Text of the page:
Here we define the context menu in the Canvas.ContextMenu section. The MenuItems that are added to a context menu are the same as those added to a Menu in a fixed menu bar, so there’s no mystery here. The Header is the text that appears on the MenuItem, and we add an event handler for clicking on the MenuItem in the usual way.

One thing is worthy of note however. Annoyingly, the RoutedEventArgs parameter that is passed to the event handler doesn’t contain the position of the mouse when the menu was clicked, so we need to get that another way. What I’ve done here is add a MouseRightButtonDown event handler to the Canvas itself. We extract the mouse coordinates in that event handler and save them for use in the handler for the context menu, since we want to add the TextBox at the mouse location. The code for MouseRightButtonDown is:

    double rightX, rightY;
    private void pageCanvas_MouseRightButtonDown(object sender, MouseButtonEventArgs e)
    {
      rightX = e.GetPosition(pageCanvas).X;
      rightY = e.GetPosition(pageCanvas).Y;
    }

Now we can write the code for inserting the TextBox:

    private void addTextBoxMenuItem_Click(object sender, RoutedEventArgs e)
    {
      document.AddTextArea(RightX, RightY);
      DrawPage();
    }

The program defines a Document object which contains a list of TextAreas, as mentioned in the previous post. Each TextArea contains some text and the coordinates where the corresponding TextBox should be drawn. The link between TextArea (a non-graphical class) and TextBox (the WPF Control) is done via styles and data binding, but we won’t go into the details here, since we want to concentrate on the context menu. If you want the full code, you can download it via the link at the end.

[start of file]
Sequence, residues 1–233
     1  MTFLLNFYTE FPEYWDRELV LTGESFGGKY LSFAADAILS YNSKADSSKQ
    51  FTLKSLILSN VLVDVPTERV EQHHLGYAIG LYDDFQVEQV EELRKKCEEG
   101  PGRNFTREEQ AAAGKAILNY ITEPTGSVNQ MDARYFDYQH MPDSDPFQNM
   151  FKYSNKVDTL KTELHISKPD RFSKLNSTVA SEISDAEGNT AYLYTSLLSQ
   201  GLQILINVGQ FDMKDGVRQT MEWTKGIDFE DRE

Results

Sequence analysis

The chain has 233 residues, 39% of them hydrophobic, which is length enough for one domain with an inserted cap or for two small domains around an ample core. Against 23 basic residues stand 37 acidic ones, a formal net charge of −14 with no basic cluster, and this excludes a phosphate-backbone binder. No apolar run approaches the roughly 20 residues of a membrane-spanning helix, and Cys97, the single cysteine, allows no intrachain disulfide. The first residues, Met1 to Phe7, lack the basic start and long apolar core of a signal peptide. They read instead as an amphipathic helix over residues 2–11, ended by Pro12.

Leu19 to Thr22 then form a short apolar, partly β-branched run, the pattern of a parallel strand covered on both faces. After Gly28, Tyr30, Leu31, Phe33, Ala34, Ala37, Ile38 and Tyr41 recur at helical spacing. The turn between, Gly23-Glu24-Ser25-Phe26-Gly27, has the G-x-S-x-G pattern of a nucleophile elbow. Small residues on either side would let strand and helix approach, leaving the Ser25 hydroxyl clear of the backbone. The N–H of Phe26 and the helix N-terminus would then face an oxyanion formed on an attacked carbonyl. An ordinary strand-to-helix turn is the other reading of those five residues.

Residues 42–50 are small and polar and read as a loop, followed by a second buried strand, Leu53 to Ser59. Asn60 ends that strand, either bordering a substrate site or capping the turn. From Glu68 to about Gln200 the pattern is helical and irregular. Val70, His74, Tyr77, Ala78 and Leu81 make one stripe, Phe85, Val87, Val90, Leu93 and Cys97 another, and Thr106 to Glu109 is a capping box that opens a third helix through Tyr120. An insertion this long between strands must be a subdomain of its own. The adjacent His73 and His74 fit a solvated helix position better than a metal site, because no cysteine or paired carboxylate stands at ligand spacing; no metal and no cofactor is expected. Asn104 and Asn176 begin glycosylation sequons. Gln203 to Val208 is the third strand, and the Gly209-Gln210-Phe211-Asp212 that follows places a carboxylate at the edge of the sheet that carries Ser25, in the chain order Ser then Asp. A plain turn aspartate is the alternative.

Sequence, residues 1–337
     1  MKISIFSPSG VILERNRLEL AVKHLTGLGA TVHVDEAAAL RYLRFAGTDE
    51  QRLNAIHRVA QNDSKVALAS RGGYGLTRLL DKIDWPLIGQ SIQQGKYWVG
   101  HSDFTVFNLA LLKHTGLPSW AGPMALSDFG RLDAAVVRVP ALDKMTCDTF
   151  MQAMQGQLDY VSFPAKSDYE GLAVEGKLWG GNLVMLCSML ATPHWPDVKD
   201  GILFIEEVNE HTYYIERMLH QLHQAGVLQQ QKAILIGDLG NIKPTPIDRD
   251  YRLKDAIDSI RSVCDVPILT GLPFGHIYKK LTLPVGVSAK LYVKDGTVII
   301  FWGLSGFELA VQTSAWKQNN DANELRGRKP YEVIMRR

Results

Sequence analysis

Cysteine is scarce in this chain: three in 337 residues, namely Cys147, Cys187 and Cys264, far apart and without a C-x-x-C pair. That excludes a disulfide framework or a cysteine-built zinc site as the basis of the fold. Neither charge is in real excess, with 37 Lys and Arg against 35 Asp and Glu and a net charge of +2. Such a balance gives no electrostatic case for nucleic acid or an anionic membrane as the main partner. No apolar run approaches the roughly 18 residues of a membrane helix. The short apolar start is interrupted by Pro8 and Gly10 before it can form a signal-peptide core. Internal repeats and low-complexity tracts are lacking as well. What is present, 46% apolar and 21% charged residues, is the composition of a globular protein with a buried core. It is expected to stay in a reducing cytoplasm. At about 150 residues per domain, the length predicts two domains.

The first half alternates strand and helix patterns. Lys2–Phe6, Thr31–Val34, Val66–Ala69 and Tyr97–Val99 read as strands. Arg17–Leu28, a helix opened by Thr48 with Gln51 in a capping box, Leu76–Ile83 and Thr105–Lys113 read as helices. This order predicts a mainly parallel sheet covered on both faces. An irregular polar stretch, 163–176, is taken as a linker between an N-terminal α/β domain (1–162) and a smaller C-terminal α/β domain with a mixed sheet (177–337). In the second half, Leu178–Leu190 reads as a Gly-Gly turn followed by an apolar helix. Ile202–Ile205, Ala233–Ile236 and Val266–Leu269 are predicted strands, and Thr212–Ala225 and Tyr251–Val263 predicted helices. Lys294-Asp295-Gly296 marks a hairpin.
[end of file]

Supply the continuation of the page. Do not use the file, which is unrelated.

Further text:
That’s how you add a context menu to an object (such as a Canvas) that doesn’t have one by default. However, suppose you want to add a context menu to the TextBox itself. For example, the text you enter into the TextBox might make frequent use of some Unicode characters that aren’t available on your keyboard. It’s a pain to have to find these characters somewhere else (for example, in the ‘charmap’ application that comes with Windows) and copy and paste them into your program. In this example, we’ll add context menu items to the TextBox that allow the fractions ½ and ¼ to be added to the TextBox.

There’s one problem that confronts us, though. If you right-click on a standard TextBox, you’ll see that it already has a context menu containing the cut, copy and paste commands. How do we add our custom commands to the existing ones (or replace the existing ones)?

We need to define the custom context menu as a Window resource, so in the XAML we can write:

    <Window.Resources>
        <ContextMenu x:Key="TextBoxContextMenu" Background="White">
            <MenuItem Command="ApplicationCommands.Copy" />
            <MenuItem Command="ApplicationCommands.Cut" />
            <MenuItem Command="ApplicationCommands.Paste" />
            <MenuItem x:Name="insertHalfMenuItem" Header="Insert ½" Click="insertHalfMenuItem_Click"/>
            <MenuItem x:Name="insertQuarterMenuItem" Header="Insert ¼" Click="insertQuarterMenuItem_Click"/>
        </ContextMenu>
        <Style x:Key="TextBoxStyle" TargetType="TextBox">
            <Setter Property="AcceptsReturn" Value="True"/>
            <Setter Property="TextWrapping" Value="WrapWithOverflow"/>
            <Setter Property="BorderBrush" Value="RosyBrown"/>
            <Setter Property="FontSize" Value="12"/>
            <Setter Property="FontWeight" Value="Normal"/>
            <Setter Property="Text" Value="{Binding Content}" />
            <Setter Property="Height" Value="200"/>
            <Setter Property="Width" Value="150"/>
            <Setter Property="ContextMenu" Value="{StaticResource TextBoxContextMenu}"/>
        </Style>
    </Window.Resources>

We’ve given the complete resources used in this program. The top bit defines the ContextMenu, in which we’ve retained the three default commands and added two extra ones to allow us to insert fractions into the text.

In the Style, we set up the visual properties of the TextBox, and at the end, we define its ContextMenu property as the ContextMenu we’ve just created. When we create the TextBox in code, we assign its Style to be TextBoxStyle, which will attach the desired ContextMenu to it. This is done in the DrawPage() method in the MainWindow class: